IV. Refusal to enforce foreign award: Discretionary or mandatory?

The Supreme Court has interestingly taken note of the expression "may" used in Section 48 of the Act, as opposed to the expression "shall" in other provisions of Chapter - 1 of Part - II. The Supreme Court took into consideration that similar usage is envisaged even in the New York Convention under Article V(1) and V(2).10 It was observed that this usage of the word "may" in Section 48 of the Act exemplifies the view, that even if the grounds under Section 48 of the Act are met, the Court has the discretion to deny the enforcement of foreign award and that it is not incumbent to do so. The UK Supreme Court in the case of Dallah Real Estate and Tourism Holding Co. v. The Ministry of Religious Affairs, Government of Pakistan11 held that both under Section 103(2) of the 1996 Act (UK Act) and Article V(1) of the New York Convention, the power to deny enforcement of foreign award is discretionary in nature. Pertinently, the UK Court also observed that, not challenging the award should not be a ground for exercising such discretion to deny enforcement of foreign award passed without jurisdiction.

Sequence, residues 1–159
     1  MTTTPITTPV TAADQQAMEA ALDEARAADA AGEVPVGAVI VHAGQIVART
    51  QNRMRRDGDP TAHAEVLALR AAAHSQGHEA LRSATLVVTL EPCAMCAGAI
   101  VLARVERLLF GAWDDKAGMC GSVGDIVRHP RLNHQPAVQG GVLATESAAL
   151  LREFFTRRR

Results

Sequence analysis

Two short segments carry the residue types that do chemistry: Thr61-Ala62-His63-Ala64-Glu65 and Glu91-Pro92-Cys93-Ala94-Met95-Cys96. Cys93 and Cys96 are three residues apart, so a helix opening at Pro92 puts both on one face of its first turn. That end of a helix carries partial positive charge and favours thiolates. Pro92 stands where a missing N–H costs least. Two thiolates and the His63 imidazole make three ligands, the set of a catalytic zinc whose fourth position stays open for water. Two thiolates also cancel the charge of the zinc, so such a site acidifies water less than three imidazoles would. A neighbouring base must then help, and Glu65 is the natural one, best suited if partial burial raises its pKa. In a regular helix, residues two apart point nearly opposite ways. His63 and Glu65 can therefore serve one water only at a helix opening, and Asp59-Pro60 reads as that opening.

The issue of discretionary nature of Section 48 of Act was first adverted by the Delhi High Court in the case of Cruz City 1 Mauritius Holdings v. Unitech Limited12, wherein the Single Judge, after analysing the judicial interpretation of the word "may" and "shall" and the intention of legislature of adopting similar language from Article V of the New York Convention, held that whilst there is no absolute or open discretion to reject the request for declining to enforce a foreign award, it cannot be accepted that it is totally absent. It was held that the width of the discretion is narrow and limited, but if sufficient grounds are established, the court is not precluded from rejecting the request for declining enforcement of a foreign award.

The Supreme Court in the present case, elaborated the findings of the Delhi High Court by determining which of the grounds mentioned in Section 48 of the Act are discretionary in nature. The Supreme Court categorised the grounds under Section 48 of the Act for resisting enforcement of a foreign award –

  1. Invalidity or illegality of the arbitration agreement, affecting jurisdiction of the arbitration proceedings;
  2. Inability of a party to present its case before the tribunal; and
  3. Violation of 'public policy' of India as provided in Explanation 1 of Section 48(2) (b) of the Act.

The Supreme Court observed that if the case is made out in the grounds falling under the first category affecting the jurisdiction of the Tribunal which passed the arbitral award, the Court does not have the discretion to enforce an award; whereas if the grounds under (b) and (c) are attracted, then the Court has discretion to deny enforcement of the foreign award under Section 48 of the Act.

V. Scope of Fair hearing: Principles of Natural Justice